I can understand and sympathize with folks who want to be able to identify, contain, and ultimately eradicate the threat of sexual violence (I’m on their side), [only to the degree that Kyle's freedoms and entitlements as a white man are not impinged upon] as well as survivors who want to expose their abusers (I’m there, too). It’s not the exposing and naming that I’m concerned about - as I’ve demonstrated in my own experiences of wrongdoing, I think men who have committed abuse ought to be called out and held accountable. But I have serious doubts as to whether the monitoring you are suggesting actually helps more than it harms.

[And I believe Kyle coming to these conclusions is grossly self-serving.]

This is probably no secret, Julian, but your utter disregard for men’s privacy - and yes, even men who have committed abuse - neglects a vital element of their development as human beings. [This boldly assumes men's privacy is inherently more important that girls and women's development free from sexualized harm, and assumes that privacy helps men behave humanely, when, in fact, it is the right of privacy of men that allows most sex crimes to occur, and to never be prosecuted: that is, male sex offenders do not usually, and hardly ever, report themselves to the police, thereby maintaining their privacy. Whose humanity is served by such actions?] And given your politics, I don’t expect you necessarily to sympathize, but forcing men who have committed abuse into a box, [I have no such abilities. I doubt I could effectively force even one man into one box; this rhetorical approach, of taking things and making them into grand absolutes, is a male supremacist strategy for evading responsibility and accountability] permanently labeling and stigmatizing them, and ensuring that they will never be able to move forward from (just to clarify, not “forget” or “disregard” - “move forward from”) the terrible wrongdoings they have committed doesn’t seem like a viable path toward rehabilitation. [And, as noted, rehabilitating men is not my aim. Removing misogynistic sexually dangerous men from society is something I wish would happen, yesterday. Working to end men's violence against women is what I am interested in, and I believe a part of ending it is through not pretending men have any right to privacy not extended to women: such as the right to live privately and not be sexually abused.] So, at best you could say that aggressive monitoring diverts attention (and an insane amount of resources) from more serious threats, and at worst it makes it painfully difficult, if not impossible, for men to make the necessary changes in their lives to truly rehabilitate.

[I think there are far more effective solutions than that.]

I am not without my own personal biases, obviously. The blogger who originally wrote about my arrest did not discover it on her own. A young man, who was a fellow student of mine in college, informed her. That in itself did not bother me - it was a matter of public record, and quite frankly, if I had witnessed such a blatant example of hypocrisy, particularly by a so-called “pro-feminist male,” I would have called him out in precisely the same way. It was when I found out who the young man was, and recalled what I had heard about him from several women who came to me as an advocate during college, that I became concerned. The young man who outed me to the feminist blogosphere was (and perhaps still is) a serial rapist.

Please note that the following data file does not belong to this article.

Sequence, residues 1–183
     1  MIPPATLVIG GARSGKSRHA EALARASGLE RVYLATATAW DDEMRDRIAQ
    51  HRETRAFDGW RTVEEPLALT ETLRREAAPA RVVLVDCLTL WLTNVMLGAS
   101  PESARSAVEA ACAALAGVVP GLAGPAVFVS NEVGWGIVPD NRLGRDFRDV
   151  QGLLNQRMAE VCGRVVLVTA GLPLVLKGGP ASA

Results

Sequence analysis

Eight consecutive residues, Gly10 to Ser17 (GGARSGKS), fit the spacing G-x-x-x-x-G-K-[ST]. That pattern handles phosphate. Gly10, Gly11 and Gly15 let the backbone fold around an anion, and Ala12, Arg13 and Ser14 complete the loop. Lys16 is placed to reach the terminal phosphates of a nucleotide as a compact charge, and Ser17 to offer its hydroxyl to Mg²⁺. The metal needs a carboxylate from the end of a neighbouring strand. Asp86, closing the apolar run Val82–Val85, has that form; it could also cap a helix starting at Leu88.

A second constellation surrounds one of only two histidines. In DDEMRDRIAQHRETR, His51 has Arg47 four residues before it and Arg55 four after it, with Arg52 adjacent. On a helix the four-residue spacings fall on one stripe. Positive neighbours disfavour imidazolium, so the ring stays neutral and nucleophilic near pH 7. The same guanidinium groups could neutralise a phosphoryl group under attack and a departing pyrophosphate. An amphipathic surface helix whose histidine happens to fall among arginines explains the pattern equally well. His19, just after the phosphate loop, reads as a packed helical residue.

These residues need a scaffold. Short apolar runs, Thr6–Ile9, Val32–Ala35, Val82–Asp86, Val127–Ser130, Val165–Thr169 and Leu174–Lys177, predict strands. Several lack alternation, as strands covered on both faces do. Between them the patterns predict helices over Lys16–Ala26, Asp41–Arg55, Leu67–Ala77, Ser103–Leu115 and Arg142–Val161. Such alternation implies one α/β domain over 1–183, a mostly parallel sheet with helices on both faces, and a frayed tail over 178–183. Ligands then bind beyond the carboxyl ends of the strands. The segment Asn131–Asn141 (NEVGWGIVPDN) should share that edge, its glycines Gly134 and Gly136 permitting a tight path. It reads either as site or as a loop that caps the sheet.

[What is his name? Where does he now live? Can you produce a photograph of him?]

So I’m not surprised when I realize that many of the most misogynist men I have ever met, who wouldn’t be caught dead supporting women’s liberation in any way, shape, or form, will gladly stand shoulder-to-shoulder with feminists when it comes to identifying a scapegoat for sexual violence.

[This is an exceptional situation, not a common one. Most men, profeminist or not, actively misogynistic or not, do not stand with women in any meaningfully accountable ways.]

Regardless of what other men have done, I bear responsibility for my actions. And I certainly anticipate that, as a result of those actions, women may feel threatened by me. [May, or ought to?] And in order to approach that conflict responsibility, I will continue to be open and honest with women (and for that matter, men) in my life about my personal history, in addition to avoiding any sort of privileged access to communities of feminists/women. On the other hand, I hope you can understand my skepticism at the suggestion that keeping the world up-to-speed on my appearance and whereabouts is actually making anyone safer.

[I see no reason for any sex offender not to do that.]

This type of discussion regarding registration and monitoring of sex offenders, whether state-sponsored or organized by survivors, raises a lot of questions that go far beyond the nature of our discussion here. So I’ll leave it at that for now. But I would be open to discussing these registration issues with you in some other venue.


Okay, not really a conclusion. But I need to wrap up my side of the dialogue and give you and others a chance to respond. Thanks again for your questions.